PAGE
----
Less than half of adults taken to theatre as kids, study finds

UK audiences pay an average of £71 per theatregoer for a show and drinks
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Fewer UK adults attended the theatre than any other cultural activity when they were growing up, a new study has revealed, which also shows that price and distance are the main barriers to people attending cultural events.

Results of the first wave of a ‘tracking study’ conducted by King’s College London’s Culture and Major Events Consortium, commissioned by KCL as part of its Culture at King’s programme, showed that 46% of respondents went to the theatre as children, compared with 86% who went to libraries and 75% who visited museums and art galleries.

Fran Hegyi, director of the project, said: “When I was growing up, what you did was go to the museum or a library. I think looking at how this changes over time will be fascinating, particularly when you look at the local library closures we’re having.

“I think a lot more people are going to the theatre now, but when you put it against things like museums, which are free entry, it’s not going to be as accessible for everybody.”

More than 2,000 adults in the UK were surveyed about their habits and attitudes towards cultural events, with 87% declaring some interest in the arts, and 12% attending some form of arts or cultural event at least once a month.

The public tracking study was created with global information company Nielsen and “will act as a barometer for attitudes to culture in the UK”, according to KCL.

The survey also found that 42% of respondents believed the price of today’s live cultural events prevented them going, and 37% said these took place too far from their home for them to attend.
When asked whether local arts and cultural spaces were important, only 8% said that they strongly agreed, with the largest proportion (35%) declaring themselves ambivalent. Almost one in five (18%) disagreed; 11% strongly.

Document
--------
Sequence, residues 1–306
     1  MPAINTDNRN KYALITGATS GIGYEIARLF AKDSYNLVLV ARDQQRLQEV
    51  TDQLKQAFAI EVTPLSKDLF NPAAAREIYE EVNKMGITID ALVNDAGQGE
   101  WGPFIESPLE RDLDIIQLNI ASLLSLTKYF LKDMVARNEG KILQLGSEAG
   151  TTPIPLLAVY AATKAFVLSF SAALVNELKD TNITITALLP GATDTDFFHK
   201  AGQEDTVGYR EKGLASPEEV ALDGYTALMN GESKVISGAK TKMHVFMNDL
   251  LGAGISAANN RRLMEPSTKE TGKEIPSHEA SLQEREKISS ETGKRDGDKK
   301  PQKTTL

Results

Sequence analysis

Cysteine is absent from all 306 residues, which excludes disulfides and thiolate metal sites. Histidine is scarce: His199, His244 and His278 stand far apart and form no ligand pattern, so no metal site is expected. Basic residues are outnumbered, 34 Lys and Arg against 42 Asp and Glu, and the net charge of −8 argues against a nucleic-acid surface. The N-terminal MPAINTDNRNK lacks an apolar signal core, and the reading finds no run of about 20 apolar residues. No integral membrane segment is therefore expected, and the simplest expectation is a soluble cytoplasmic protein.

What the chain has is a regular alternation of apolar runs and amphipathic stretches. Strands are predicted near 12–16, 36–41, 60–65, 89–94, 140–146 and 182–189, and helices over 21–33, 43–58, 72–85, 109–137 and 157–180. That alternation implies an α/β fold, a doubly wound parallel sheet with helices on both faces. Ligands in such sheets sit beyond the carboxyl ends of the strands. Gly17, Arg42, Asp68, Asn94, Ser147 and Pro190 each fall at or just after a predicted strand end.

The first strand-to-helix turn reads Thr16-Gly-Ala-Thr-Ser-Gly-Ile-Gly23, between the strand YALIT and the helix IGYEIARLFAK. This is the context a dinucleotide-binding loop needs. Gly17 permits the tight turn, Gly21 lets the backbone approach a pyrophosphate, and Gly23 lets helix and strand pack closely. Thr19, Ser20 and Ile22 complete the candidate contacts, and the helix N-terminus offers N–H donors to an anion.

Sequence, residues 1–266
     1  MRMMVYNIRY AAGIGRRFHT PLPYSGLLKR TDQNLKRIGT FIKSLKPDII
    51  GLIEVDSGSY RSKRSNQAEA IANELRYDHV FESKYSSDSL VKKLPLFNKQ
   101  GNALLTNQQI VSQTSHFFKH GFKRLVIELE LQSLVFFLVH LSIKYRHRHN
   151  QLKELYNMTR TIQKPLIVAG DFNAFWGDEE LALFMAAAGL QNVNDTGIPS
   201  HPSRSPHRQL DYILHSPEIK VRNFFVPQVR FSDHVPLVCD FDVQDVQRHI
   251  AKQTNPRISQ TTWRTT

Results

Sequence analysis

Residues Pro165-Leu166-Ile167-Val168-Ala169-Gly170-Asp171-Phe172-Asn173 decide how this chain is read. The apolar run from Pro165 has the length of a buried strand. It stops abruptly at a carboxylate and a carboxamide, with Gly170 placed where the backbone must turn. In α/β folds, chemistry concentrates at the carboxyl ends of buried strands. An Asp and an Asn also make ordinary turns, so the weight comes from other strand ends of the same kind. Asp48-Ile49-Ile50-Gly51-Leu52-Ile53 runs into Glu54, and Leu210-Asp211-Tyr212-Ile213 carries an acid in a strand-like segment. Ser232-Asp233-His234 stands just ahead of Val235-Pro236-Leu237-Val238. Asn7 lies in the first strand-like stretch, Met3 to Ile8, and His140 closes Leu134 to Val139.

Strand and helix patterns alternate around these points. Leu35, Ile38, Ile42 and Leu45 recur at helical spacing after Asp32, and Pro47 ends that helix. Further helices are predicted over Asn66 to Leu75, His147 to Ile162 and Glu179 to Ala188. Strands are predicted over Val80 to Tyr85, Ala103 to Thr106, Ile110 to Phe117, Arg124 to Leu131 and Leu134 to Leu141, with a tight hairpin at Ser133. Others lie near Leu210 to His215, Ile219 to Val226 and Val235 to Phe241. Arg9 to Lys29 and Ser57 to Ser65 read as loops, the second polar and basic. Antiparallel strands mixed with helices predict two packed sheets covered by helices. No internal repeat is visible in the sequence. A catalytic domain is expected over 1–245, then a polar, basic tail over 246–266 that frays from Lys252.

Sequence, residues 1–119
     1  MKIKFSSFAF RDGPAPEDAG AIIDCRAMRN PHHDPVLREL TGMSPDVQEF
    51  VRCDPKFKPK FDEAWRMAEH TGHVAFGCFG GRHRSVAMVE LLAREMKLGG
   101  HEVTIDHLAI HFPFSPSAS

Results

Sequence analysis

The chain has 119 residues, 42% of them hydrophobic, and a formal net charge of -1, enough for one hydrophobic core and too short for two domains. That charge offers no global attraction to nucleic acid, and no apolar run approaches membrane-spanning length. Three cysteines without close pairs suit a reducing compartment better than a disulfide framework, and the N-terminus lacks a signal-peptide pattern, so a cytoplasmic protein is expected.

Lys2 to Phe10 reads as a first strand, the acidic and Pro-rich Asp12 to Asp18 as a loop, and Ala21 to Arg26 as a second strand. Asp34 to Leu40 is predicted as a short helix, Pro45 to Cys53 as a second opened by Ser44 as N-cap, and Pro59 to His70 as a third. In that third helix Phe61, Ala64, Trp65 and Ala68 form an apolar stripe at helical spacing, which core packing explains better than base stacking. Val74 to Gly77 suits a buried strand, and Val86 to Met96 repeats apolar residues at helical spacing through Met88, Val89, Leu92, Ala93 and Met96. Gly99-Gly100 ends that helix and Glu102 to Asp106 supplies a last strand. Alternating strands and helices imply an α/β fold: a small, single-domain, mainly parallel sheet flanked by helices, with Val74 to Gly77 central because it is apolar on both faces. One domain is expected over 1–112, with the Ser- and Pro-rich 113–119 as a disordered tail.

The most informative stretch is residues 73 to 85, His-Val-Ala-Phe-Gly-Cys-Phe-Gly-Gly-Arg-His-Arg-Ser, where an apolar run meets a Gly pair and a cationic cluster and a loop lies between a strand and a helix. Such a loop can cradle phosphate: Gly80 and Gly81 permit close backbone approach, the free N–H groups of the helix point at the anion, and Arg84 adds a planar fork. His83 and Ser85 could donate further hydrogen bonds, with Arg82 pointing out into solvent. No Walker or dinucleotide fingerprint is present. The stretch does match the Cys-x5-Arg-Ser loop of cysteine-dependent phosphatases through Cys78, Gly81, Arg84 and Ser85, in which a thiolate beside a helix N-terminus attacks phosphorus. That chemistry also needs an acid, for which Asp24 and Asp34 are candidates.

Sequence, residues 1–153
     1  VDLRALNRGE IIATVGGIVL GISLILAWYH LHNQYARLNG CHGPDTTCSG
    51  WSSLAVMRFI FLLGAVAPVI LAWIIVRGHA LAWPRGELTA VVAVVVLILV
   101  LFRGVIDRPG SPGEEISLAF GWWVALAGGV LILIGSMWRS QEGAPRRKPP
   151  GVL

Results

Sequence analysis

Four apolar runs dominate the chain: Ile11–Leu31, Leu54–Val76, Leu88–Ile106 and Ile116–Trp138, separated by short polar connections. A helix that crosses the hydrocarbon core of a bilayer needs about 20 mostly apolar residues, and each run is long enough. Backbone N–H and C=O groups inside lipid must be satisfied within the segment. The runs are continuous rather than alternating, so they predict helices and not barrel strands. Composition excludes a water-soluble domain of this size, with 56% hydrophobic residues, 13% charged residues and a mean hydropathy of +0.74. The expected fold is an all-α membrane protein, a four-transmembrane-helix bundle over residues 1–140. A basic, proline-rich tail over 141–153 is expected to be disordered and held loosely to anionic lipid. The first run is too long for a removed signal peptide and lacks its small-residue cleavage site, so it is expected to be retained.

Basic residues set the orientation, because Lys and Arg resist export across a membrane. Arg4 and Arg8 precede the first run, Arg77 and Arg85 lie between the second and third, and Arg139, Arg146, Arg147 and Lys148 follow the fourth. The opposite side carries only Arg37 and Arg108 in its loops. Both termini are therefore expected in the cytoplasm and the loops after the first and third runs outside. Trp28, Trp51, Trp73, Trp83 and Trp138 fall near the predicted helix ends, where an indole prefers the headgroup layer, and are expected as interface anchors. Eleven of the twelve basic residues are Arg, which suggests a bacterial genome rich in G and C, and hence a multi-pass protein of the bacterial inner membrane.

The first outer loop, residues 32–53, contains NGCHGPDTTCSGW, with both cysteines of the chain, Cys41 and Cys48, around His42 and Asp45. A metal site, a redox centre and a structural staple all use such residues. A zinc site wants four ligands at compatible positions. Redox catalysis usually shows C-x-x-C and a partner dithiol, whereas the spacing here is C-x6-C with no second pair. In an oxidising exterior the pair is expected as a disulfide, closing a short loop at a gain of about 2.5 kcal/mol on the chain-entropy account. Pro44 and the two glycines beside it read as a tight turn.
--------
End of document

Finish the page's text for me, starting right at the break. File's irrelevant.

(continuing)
Hegyi said that, despite this, appetite for cultural activity remains strong among UK adults.

“When you look at the sporting or cultural events and activities people are planning, eight out of the top 10 are cultural. It just shows how into culture the British public is, which is really encouraging,” she said.

The study is the result of £110,000 of funding given to Culture at King’s to continue its first cultural enquiry, Beyond Performance, which explored the role arts and culture play in maximising the value of high-profile sporting events. It found that 54% thought cultural events enhanced sporting events of which they were a part, such as the 2012 Olympics.

Half of UK adults agreed there should be a mix of free and paid-for events, revealed the study, with most saying they were prepared to pay between £11 and £30 for a cultural event associated with an international sporting occasion.

Deborah Bull, director of cultural partnerships at King’s College London, said: “The success of the Cultural Olympiad was a high point in public engagement with culture. However, now that the organisations that made it possible have dissolved, there’s a genuine risk we will lose this expertise.”


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